6 Years: Living and Breathing Workplace Bullying

This New Years I’m giving thanks to all of you who have supported my work and helped me create a powerful network of websites and videos.  Top on the list is my tech guru and  videographer, Patrick Perrotto, who has always been there.  He freely donated the use of his state of the art broadcast quality equipment and did much of the driving.

Over the years we’ve been to Massachusetts, Texas, New Jersey, New York (numerous times), Virginia (numerous times), Pennsylvania and Canada and I even took a few solos to Wisconsin, Texas & Wales.  Pat arranged for Ed Hollema to donate his services as Audio & Asst Camera.   Let me put it this way, had we all been paid for our time, services, and equipment it would have easily cost upwards of $200,000+.  I am forever indebted to them both.  Feel free to help by making a donation of any size.

Continue reading

Our Top 2011 Posts on Workplace Bullying

This year our most popular posts continue to cover a wide range of topics and issues related to workplace bullying.  We  continue to focus on our mission to critique and offer new voices and alternatives to the current dialogue.   Two 2010 posts ( about Mediation & OSHA ) are still extremely popular.  Here’s a recap for 2011: Continue reading

Documentary Features Foxconn Factory Workers

Shortly after Steve Jobs’ death hit the news, I caught an early morning round table discussion with Mike Daisey.  He is funny!  But, as he talked about his latest one-man show, The Agony and the Ecstasy of Steve Jobs, I was really hooked by his delight in shocking those members of his audience from Apple who outsource their product to factories in China.

“[The Agony And The Ecstasy] follows the standard line: Jobs was a combination of awesome visionary and ruthless businessman. He doesn’t tell us anything that we haven’t gleaned from Jobs’s obituaries, but that isn’t the point. The point is to ask us why we are not more troubled by the fact that our indispensable gadgets are assembled in part by children.”  [The Financial Times review]

Surprisingly, I couldn’t google up a video of Daisey’s monologue – except one in which 87 members of a Christian advocacy group staged a walk out.  But, I did find a Vimeo clip from Dream Work China, a documentary made by three Italian journalists who opened a photo shop across from the Shenzhen Foxconn factory [see video below]. They captured interviews with factory workers that represent the dreams of the millions of young Chinese migrant workers who leave their homes and families and travel long distances to work in factories – like Foxconn just across the street. Probably most disturbing are the scenes of dormitories with packed balconies overlooking the nets hung below as a painful memory of the suicides.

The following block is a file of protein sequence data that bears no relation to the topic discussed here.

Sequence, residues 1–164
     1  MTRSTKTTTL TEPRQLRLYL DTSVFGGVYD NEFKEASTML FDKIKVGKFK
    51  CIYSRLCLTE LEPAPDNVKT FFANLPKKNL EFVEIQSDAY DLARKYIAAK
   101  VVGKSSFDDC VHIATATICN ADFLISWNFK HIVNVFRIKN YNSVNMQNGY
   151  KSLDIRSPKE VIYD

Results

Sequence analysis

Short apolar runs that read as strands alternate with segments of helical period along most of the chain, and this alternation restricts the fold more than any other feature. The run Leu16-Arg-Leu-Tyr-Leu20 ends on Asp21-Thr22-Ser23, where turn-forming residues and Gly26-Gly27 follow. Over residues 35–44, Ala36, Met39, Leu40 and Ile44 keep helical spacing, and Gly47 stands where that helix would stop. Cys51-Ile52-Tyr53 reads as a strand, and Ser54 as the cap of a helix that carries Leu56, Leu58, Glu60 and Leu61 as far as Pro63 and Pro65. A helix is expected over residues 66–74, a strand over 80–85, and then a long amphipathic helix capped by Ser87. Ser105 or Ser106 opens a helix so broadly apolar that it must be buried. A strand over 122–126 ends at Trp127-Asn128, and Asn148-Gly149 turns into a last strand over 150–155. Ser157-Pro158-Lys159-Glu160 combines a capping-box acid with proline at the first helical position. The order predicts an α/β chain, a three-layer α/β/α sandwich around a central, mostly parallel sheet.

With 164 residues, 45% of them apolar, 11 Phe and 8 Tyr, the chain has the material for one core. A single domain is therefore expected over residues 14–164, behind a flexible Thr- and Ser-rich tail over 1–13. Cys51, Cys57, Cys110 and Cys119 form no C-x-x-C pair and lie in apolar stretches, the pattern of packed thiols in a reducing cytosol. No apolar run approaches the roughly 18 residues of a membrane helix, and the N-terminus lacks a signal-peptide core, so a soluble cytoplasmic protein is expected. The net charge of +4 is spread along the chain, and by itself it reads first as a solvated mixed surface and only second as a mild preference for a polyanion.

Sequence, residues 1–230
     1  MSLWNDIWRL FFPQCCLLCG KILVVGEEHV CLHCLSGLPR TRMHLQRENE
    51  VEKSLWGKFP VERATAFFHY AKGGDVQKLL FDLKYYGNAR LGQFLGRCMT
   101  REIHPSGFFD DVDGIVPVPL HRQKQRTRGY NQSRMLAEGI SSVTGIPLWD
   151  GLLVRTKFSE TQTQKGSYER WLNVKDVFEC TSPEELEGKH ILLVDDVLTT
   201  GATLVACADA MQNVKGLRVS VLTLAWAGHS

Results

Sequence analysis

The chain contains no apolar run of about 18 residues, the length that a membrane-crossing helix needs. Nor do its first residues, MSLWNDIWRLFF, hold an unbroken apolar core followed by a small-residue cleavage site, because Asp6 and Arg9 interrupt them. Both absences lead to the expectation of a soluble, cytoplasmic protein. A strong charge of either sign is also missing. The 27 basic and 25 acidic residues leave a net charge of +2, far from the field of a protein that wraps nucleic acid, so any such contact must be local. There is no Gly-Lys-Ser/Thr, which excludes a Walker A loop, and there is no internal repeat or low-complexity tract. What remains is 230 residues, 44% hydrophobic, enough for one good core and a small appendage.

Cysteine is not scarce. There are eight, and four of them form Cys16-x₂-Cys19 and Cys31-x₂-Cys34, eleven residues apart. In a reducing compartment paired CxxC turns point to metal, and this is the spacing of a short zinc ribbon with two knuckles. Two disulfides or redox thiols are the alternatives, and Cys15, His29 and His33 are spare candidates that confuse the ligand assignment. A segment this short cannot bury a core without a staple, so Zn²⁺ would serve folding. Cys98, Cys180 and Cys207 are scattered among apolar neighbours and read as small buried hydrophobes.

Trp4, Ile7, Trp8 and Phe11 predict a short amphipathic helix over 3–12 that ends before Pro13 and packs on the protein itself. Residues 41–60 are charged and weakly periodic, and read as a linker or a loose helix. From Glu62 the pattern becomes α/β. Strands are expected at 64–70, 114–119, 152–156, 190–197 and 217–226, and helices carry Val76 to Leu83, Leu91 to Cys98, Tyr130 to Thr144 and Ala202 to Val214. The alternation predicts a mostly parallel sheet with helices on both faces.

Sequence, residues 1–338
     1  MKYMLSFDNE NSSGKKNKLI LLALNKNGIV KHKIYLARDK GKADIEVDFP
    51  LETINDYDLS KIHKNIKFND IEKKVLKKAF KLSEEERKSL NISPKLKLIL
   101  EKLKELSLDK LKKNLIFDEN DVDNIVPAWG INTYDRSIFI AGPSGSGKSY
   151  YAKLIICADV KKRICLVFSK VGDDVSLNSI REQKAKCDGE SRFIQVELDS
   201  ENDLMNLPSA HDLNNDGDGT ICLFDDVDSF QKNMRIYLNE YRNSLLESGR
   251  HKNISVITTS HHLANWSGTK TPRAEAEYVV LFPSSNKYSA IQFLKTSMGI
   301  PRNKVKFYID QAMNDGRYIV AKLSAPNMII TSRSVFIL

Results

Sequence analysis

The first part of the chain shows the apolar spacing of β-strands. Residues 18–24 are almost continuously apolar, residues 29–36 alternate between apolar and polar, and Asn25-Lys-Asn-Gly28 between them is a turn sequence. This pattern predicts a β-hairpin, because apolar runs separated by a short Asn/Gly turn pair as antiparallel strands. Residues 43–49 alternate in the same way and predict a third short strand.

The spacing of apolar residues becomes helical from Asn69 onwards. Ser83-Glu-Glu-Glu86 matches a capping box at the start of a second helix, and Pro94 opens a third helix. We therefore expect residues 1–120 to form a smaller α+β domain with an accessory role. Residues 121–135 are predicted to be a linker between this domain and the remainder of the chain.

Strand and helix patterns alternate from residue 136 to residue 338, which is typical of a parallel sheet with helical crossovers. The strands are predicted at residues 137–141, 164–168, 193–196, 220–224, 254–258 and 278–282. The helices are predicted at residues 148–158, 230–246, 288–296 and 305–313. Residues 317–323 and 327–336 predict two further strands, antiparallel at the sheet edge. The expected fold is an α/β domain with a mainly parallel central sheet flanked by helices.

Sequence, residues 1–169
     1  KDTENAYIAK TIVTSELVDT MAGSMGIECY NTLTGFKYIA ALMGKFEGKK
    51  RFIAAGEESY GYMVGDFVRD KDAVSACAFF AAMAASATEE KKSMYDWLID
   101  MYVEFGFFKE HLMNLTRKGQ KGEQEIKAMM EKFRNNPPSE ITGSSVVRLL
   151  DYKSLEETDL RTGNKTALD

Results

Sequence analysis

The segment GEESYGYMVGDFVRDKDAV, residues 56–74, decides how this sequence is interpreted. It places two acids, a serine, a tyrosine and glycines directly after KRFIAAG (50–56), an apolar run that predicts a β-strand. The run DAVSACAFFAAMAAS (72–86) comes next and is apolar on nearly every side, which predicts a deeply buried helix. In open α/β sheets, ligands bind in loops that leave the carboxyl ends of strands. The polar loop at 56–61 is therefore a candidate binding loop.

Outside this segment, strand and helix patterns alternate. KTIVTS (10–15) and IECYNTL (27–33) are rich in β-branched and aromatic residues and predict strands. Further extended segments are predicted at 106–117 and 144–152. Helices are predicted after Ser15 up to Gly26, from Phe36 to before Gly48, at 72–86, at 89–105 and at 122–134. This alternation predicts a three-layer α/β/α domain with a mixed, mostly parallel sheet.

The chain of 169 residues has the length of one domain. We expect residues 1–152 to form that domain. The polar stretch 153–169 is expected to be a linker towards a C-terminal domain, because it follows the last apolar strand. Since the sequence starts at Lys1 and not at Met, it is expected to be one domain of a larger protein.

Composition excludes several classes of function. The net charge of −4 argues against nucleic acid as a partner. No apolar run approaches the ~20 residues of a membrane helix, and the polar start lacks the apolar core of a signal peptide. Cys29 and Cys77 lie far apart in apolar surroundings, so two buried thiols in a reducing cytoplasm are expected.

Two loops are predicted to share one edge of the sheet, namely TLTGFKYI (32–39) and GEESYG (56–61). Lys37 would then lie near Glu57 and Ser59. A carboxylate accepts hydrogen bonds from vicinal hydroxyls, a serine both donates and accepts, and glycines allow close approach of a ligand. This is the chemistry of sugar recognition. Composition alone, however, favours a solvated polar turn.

About a year before his death, the Daily Mail quoted Jobs as defending the conditions at Foxconn:

‘You go in this place and it’s a factory but, my gosh, they’ve got restaurants and movie theatres and hospitals and swimming pools. For a factory, it’s pretty nice,’ he said.

Jobs has been extremely outspoken about the need for his employees to be passionate about the products they create.  To bad this desire to inspire others and the understanding of the need for a creative and meaningful life didn’t trickle down. Then again, this is the same man who, according to his official biography hitting the bookstores Monday,  personally complained to President Obama that regulations on business are too tough to build factories here.  And, was frustrated that Obama was so focused on trying to understand why things happen.

“In the suburbs of Shenzhen, in Guangdong province, young workers talk about their lives, existences built on a precarious balance between hope, struggles and wishes for the future. Around them activists and NGOs strive to give sense and meaning to words like rights, dignity and equity.”

Visit the Dream Work China for more information

Here’s an hour long interview with Mike Daisey from CSpan

What does “Hot Coffee” and “Workplace Bullying” have in common?

This week, advocates in a dozen states are taking part in “OurBullyPulpit’s Take Action Screenings” to raise public awareness about workplace bullying.  Many are advocates for pending legislation, which in most states is the Healthy Workplace Bill [HWB].  But, the HWB they’re fighting for includes a $25K Cap on our (victims’s) emotional distress portion for those who haven’t lost their jobs, been demoted or suffered any other negative action.  You also have to prove malice and health harm.  The argument by the drafter of the HWB is that a purposely low Cap and high hurdles will help avoid “frivolous lawsuits.”